I’ve always had an obsession with names. As a kid, not only did I name all of my toys and stuffed animals, but I also often had names for my bicycle, potted plants, and bugs I met out in the yard. Basically, if I could name it, I probably did, or I at least considered, “If that thing had a name, what would it be?”
The practice still holds true today. My car is named Tallulah, my Dad’s truck that I inherited is the Great White (his name for it, not mine – I think I would have gone with The Duke), and the cedar trees in our backyard that I rescued from a coal mine are Gary, Rich, and Diane…. Our furry clan of pets include Steve and Carol (cats), as well as our dogs, General Sherman, Walter, and Eggnog (also known as Snoogie). I’ve had cats named Mushroom and Casserole, and the Yaris I owned before the one I have now was named Jerome. You get the picture. I love names.
So a lot of people have asked me how I come up with all of the names for things I turn on the lathe, as well as how do I decide to name them this or that. Being a “name enthusiast,” I’m always paying attention to names when I see them, whether it’s walking around a cemetery, doing archival research for an archaeological field project, or just hearing certain names I like. I’ve named bowls after people I know as well as interesting (and sometimes famous) historic characters, and I’ve also named bowls after members of various bands/musicians. Who knows, by tomorrow I may be naming bowls after physicists or soil colors listed in a Munsell book (10YR 3/2 very dark grayish brown anyone? Haha).
For so many of the bowls and other things I make, I just like the names and they feel right. For others, there was additional inspiration or a round-about way I got there. Anyway, here is a brief overview of the inspiration I’ve had when naming a few my turned wares (you’d be reading a dissertation if I went down the whole list).
- I loved the name, Keturah, when I found it on an old tombstone at the Paris, Kentucky, Cemetery. I named a tobacco stick pen after her. Seemed appropriate.
- Two bowls with gnarled grain and inclusions were named Layne and Staley. If anyone knows anything about Alice in Chains and the tragic demise of Layne Staley, you get why I named them that.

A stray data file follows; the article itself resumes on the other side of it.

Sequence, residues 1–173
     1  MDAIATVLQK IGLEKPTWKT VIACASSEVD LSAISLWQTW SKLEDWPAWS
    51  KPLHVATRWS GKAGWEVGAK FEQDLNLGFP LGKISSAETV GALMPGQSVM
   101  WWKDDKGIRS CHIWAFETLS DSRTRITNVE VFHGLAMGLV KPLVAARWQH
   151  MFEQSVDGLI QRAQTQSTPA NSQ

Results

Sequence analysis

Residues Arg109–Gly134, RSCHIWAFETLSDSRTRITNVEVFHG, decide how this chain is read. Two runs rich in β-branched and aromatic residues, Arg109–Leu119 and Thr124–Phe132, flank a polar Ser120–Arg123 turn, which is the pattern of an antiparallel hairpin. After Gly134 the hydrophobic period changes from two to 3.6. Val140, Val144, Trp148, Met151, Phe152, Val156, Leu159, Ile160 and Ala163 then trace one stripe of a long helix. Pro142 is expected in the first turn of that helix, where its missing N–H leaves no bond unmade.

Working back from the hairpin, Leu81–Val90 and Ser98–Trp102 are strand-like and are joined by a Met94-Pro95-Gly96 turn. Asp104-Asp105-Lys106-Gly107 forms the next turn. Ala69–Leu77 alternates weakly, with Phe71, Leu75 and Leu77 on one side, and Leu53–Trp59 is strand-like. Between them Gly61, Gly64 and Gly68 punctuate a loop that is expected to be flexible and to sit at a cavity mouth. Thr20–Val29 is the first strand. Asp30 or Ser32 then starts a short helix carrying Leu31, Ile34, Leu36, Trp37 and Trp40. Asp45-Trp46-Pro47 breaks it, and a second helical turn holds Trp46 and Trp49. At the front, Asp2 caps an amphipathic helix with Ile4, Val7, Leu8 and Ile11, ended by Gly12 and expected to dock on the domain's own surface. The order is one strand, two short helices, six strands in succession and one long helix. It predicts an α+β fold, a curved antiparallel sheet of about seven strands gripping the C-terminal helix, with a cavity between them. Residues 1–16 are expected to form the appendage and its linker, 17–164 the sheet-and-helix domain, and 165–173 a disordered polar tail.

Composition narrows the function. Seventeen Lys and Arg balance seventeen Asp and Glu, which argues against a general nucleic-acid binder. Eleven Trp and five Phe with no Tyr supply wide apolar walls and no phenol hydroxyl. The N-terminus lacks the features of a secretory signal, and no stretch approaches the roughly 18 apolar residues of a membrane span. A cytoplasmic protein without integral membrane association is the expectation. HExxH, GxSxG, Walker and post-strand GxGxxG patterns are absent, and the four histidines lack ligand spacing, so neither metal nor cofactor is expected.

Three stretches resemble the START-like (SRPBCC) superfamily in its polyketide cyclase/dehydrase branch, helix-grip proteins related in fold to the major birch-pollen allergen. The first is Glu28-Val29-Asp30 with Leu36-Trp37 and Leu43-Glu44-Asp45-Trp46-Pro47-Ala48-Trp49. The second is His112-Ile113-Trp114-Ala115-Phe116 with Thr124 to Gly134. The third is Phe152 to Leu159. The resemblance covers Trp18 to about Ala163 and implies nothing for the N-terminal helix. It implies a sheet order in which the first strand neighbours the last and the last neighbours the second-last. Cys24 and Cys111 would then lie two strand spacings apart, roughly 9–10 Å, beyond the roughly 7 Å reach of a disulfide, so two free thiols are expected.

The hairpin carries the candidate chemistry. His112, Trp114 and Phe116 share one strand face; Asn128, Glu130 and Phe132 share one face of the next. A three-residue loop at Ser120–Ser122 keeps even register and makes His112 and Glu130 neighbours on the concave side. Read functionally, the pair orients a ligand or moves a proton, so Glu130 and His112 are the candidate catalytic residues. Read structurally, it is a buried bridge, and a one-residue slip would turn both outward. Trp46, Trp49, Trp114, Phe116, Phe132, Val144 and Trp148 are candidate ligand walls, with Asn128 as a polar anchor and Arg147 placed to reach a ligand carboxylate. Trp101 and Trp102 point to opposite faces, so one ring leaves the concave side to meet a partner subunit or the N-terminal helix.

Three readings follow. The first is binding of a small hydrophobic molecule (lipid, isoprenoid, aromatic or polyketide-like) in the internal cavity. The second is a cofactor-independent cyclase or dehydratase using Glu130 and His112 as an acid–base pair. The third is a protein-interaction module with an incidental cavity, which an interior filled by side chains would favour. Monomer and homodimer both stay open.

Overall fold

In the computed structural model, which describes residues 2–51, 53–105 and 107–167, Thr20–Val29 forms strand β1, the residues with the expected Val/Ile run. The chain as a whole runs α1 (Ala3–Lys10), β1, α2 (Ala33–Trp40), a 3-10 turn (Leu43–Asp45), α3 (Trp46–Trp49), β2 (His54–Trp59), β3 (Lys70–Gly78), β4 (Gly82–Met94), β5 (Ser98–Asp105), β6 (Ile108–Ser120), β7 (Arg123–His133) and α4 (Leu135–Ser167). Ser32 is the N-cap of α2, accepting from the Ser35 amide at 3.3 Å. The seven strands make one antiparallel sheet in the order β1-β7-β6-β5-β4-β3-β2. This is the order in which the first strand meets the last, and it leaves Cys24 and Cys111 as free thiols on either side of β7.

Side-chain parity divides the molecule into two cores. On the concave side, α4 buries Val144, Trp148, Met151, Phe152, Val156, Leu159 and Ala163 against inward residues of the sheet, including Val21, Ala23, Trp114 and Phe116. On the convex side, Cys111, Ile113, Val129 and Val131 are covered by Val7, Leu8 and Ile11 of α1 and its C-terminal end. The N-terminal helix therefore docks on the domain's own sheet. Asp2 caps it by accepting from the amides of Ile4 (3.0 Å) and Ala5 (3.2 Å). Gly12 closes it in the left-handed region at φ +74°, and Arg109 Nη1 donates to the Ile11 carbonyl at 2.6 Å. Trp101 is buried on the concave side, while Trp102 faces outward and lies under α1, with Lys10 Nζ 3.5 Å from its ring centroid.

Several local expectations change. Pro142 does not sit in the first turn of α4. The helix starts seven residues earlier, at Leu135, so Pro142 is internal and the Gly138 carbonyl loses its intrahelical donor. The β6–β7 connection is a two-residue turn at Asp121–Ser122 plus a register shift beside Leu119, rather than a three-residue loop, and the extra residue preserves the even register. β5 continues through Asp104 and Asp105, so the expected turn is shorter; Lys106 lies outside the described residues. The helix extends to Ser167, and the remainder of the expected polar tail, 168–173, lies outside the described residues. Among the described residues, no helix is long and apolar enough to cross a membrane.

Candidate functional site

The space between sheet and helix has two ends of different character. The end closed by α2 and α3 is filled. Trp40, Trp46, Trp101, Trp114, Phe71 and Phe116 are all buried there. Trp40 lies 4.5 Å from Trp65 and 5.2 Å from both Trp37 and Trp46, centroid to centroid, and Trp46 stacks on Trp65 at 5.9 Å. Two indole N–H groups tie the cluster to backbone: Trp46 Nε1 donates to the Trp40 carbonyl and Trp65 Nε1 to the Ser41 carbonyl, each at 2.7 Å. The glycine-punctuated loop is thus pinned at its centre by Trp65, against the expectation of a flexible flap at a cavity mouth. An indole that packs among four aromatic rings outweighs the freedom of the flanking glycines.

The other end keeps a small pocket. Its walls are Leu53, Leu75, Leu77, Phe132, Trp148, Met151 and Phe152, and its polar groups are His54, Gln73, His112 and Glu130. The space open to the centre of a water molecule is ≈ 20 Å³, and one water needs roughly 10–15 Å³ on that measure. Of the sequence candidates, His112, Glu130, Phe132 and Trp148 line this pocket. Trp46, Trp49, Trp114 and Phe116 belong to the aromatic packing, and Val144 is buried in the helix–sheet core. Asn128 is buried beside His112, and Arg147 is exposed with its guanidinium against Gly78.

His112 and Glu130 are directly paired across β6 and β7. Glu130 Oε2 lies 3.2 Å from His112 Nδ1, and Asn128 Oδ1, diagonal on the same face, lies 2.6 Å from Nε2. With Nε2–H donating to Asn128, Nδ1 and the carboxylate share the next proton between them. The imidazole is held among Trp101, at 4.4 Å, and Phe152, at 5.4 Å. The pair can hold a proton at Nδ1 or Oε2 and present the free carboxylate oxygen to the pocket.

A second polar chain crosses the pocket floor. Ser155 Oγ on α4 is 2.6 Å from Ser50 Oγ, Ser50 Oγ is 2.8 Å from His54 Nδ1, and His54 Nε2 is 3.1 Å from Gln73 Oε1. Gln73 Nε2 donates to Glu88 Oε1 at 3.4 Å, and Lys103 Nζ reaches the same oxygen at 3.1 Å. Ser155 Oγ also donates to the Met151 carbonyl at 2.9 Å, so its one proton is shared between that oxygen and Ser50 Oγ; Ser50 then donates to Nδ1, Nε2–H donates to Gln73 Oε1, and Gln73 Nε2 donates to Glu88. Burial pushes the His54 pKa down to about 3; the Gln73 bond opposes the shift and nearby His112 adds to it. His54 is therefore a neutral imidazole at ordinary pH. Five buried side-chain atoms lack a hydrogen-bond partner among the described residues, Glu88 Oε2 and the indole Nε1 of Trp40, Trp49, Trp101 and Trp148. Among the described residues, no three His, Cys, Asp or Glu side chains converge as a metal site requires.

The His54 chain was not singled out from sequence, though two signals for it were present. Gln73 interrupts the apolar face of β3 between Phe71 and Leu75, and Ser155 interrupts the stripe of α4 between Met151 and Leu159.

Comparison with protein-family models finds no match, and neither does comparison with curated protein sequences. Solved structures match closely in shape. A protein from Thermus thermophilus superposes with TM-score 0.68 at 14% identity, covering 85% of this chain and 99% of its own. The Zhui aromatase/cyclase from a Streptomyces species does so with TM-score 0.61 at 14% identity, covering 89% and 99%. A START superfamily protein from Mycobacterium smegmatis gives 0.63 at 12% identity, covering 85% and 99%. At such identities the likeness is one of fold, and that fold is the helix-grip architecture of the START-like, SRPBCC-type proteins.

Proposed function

- Two bowls (Stevie and Mick) and a platter (Peter Green) were named after present and past members of Fleetwood Mac. Now, I have to say, I’m not a Fleetwood Mac fan, but I got on a kick a few months ago researching the crazy history and drama involved with this band. The bowl I named Stevie was made out of cherry burl wood and has a lot of voids and some very dark sections of the wood. What can I say, I loved this bowl and think it is beautiful. The real Stevie is/was beautiful, and she had a long-term cocaine addiction that nearly ate away her sinuses. Mick Fleetwood is a curious character that seemed fitting for that bowl, and Peter Green, while he lost it for a time, was a pretty stoic character, just like the hackberry wood of that platter.
- The African mahogany bowl, Oona, is named after a song.
- The rainbow tulip poplar bowl, Grace, is…well…graceful.
- My dad loved Russian names, and I originally was going to be named Tatiana, but my mom convinced him to shorten it to Tanya. One of my favorite lidded bowls is named Tatiana, and another lidded bowl is named after my middle name, Alexandra.
- The spalted beech plate, Lytton, is named after the author, Lytton Strachey. The painter, Dora Carrington, was in love with him for years until he died. She eventually committed suicide.
- The beech wood platter, Henry, was named after my father. By far, that is still one of my favorite platters, and I’m just so glad it went to a good home. ☺
- Violet, the cake plate, is named after a character played by Miss Maggie Smith in Downton Abbey.
- Galen, the walnut plate, is named after the son of one of my mother’s old friends. As a kid, I remember Galen and his brother, Lance (I named an acrylic pen after him), who were both teenagers, hanging out in the basement of my mom’s friend’s house playing records. While I didn’t really talk to them, and they had no interest in talking to 8-year-old me, I thought they were fascinating and so cool. I wish I could remember what they were listening to. Based on the time period, I’d go with Rush or Supertramp.
- Two vases, Margot and Petra, are named after my German uncle’s first two wives. Don’t ask why. As far as I know, there has not been a #3.
- Several items are named after Civil War characters, such as Stonewall and Sheridan.
- Harold is an acrylic pen that I named after a man that lived with his mother all of his life until he died of a heart attack, and he was a good friend of the family. While I don’t remember very much about him, I do remember how he brought a plate to my mom from Intercourse, Pennsylvania (as a kid, I couldn’t help giggling about that), and he liked to give me mixed tapes of 1950s songs. He also had really long nose hairs.
- In general, the acrylic pens all have more context since I include a story with them. For example, who can forget Captain Party Pants, Gary the Roller Boogie King, and Jazzercize Bobby?
I hope that this has given you a little insight into my zany naming process, if one could call it that. I appreciate you stopping by. ☺